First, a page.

Slipping Through My Fingers


Dear ISR, I have relied on this website for many, many years. It has led me to incredible International Schools and detoured me from others that would not be a good fit. I’m ready to return abroad once again and had, earlier in this recruiting season, accepted a fine position in the EU for the 2020-2022 school years. However, with COVID-19, I now see this opportunity slipping through my fingers and would like to share and discuss this experience with other educators in the same boat.

As the situation is escalating in the US and around the world, I can’t imagine my work visa will get processed, or that the international travel ban will be lifted in time for me to begin in August. If “back to school” means e-teaching, the school can’t even place me on their payroll without the proper government documents. Without a work visa there is no job…

What does the future hold? At what point will the EU school be forced to rescind their offer? So many questions and concerns, yet very few answers! Life as we know it is in a holding pattern. Are teachers who were planning to make a move in a few months all seeing those plans slipping from their grasp? Any thoughts on this topic?

Sincerely,

(name withheld by request)

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11 Responses to Slipping Through My Fingers

  1. F Gibbert says:

    I left a recent teaching job with relatively minimal fuss, on what was basically a technicality, and with the understanding that I would start during this year at a new school in a different country. The (expensive and time consuming) paperwork took a little longer than usual and instead of arriving in February I am now in my previous country still unable to move there physically due to the lockdown although I now have all of the relevant permissions to move there paperwork-wise, and have a signed a contract for the remainder of this academic year. However the new school have now said I must wait until the next academic year to be employed by them, even though I think it is perfectly viable for me to work long distance now, since currently all of their staff are doing this. This now means I will then be 5 months unpaid which I have certainly not bargained for. Thoughts? Any suggestions as to how I respond to the school are appreciated. The people from the platform through which I found the job have been unhelpful to say the least.

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  2. Tanaka says:

    I would try and stay put. Also I would reach out to my bosses as soon as possible and let them know I am open to do that, even if you had planned on transitioning. How are you getting visas when you can’t get medicals? Countries aren’t going to make exceptions and if anything are only going to tighten their entry requirements.

    We should all be grateful to have jobs. This is not the time to be moving.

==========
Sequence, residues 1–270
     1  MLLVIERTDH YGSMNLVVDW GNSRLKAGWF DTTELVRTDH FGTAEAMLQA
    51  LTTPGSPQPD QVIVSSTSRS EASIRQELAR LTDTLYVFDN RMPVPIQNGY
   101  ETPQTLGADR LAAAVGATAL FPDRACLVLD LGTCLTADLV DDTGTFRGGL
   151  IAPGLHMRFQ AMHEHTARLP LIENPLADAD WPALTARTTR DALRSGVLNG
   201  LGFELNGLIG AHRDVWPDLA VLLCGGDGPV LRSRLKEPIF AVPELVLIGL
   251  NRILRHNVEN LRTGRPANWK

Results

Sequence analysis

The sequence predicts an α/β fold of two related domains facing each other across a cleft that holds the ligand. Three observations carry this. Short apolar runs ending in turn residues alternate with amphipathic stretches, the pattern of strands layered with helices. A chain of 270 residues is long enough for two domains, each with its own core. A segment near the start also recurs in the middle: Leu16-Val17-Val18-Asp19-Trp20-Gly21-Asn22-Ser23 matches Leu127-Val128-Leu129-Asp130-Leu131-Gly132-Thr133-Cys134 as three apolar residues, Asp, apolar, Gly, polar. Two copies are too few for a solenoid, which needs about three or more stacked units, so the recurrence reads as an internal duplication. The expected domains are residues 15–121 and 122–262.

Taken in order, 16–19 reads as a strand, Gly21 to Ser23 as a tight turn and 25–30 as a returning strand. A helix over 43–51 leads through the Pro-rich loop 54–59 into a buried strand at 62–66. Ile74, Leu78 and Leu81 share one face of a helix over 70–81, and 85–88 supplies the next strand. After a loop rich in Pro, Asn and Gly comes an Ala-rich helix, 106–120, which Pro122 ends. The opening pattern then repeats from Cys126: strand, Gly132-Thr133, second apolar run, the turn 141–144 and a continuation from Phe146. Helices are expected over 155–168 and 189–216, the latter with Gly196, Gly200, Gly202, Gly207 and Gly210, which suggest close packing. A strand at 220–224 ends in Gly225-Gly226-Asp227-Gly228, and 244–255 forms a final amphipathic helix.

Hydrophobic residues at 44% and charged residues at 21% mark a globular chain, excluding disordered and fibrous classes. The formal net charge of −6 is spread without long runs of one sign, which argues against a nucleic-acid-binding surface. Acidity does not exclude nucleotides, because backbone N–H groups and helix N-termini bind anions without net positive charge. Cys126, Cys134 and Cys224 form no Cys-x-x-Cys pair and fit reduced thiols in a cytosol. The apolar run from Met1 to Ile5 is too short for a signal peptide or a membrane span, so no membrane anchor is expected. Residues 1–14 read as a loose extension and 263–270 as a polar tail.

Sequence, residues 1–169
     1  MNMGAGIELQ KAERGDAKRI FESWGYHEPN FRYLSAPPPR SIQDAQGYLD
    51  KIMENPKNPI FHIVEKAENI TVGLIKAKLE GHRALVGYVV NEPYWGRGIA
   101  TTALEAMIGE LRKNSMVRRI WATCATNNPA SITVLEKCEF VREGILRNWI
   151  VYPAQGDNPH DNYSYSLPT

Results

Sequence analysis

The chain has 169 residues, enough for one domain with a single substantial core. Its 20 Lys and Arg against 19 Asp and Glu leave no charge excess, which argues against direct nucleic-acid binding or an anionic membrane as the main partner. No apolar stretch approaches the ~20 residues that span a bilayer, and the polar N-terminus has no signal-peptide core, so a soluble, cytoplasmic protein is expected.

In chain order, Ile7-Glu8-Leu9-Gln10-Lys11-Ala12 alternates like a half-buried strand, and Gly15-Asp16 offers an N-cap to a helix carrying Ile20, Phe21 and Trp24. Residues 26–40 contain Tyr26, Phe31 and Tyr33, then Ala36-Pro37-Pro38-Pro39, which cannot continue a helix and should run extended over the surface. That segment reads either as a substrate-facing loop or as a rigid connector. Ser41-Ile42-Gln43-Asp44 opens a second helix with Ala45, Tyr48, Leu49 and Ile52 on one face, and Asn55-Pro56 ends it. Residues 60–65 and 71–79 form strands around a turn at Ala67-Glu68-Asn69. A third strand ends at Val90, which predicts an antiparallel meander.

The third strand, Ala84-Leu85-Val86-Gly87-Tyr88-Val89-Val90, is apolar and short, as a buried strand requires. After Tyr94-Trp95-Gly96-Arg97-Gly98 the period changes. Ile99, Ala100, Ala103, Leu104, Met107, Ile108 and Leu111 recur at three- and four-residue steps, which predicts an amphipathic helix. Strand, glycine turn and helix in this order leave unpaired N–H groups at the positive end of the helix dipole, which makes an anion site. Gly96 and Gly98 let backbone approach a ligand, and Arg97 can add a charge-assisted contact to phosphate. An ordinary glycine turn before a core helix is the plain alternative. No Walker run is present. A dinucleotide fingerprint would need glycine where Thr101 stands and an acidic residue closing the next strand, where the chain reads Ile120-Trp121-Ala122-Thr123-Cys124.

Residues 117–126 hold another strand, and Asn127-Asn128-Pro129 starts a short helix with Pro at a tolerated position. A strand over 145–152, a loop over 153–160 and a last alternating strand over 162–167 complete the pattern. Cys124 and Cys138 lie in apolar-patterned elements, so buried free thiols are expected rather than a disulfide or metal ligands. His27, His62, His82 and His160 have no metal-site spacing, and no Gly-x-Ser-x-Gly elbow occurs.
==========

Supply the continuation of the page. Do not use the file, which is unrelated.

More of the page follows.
With falling enrollments some schools will even be cutting back staff. I plan to hold on for dear life and I work at a tier 0 school, in a less than ideal location, that pays well.

    Better to stick with a known commodity than take a step into the unknown.

    We are in uncharted territory.

    Liked by 1 person

  3. Liz says:

    Dear writer,
    as an experienced international educator like yourself, I too appreciate your uncertainty. I’m due to move back to a former employer in Asia and have to bear in mind that even if flights are operating there, it could still mean arriving two weeks early for quarantining and perhaps e teaching even then…Assuming my contract still stands…
    All we can do is prepare for the worst and hope for the best. We are luckier than many in that working from home is possible and hence if we e teach we get paid, at least for now.
    Schools worth their salt will have considered a plan B. Ending this academic year early. Bringing staff and students in earlier for next year, little by little, perhaps. Adjusting staffing. But students need to be educated and schools need staff to do that. Therefore, I think schools may find themselves short on staff, rather than overstaffed, as some teachers no longer see the allure of international postings if one may not be able to leave for the holidays and visits home if wanting to retain a job.
    As far as visas and paperwork go, official offices haven’t shut up shop for good. Worrying won’t change the eventual outcome, since it is beyond your control, but you can be proactive. As suggested, if you feel it would help, contact your school for reassurance that they are doing all they can to facilitate new staff arrival and induction and that, as far as they can judge, staffing still stands as when you were recruited. Hopefully they are in regular contact with staff, anyway, regarding current and foreseen circumstances. We will get out the other side of this, look at Wuhan, but it will be slowly and with some spikes and steps back, for sure, regarding the virus infection rate and easing of restrictions. Best of luck. Stay positive and hopeful.

    Liked by 1 person

    • Ana K says:

      I am going to look for further job opportunities for 2021 the upcoming fall, and I am quite concerned about how the recruitment season will look like this time. I firmly believe that many schools will not hire new staff or will look to recruit only a few since many of them will definitely struggle due to the decreasing numbers in admission.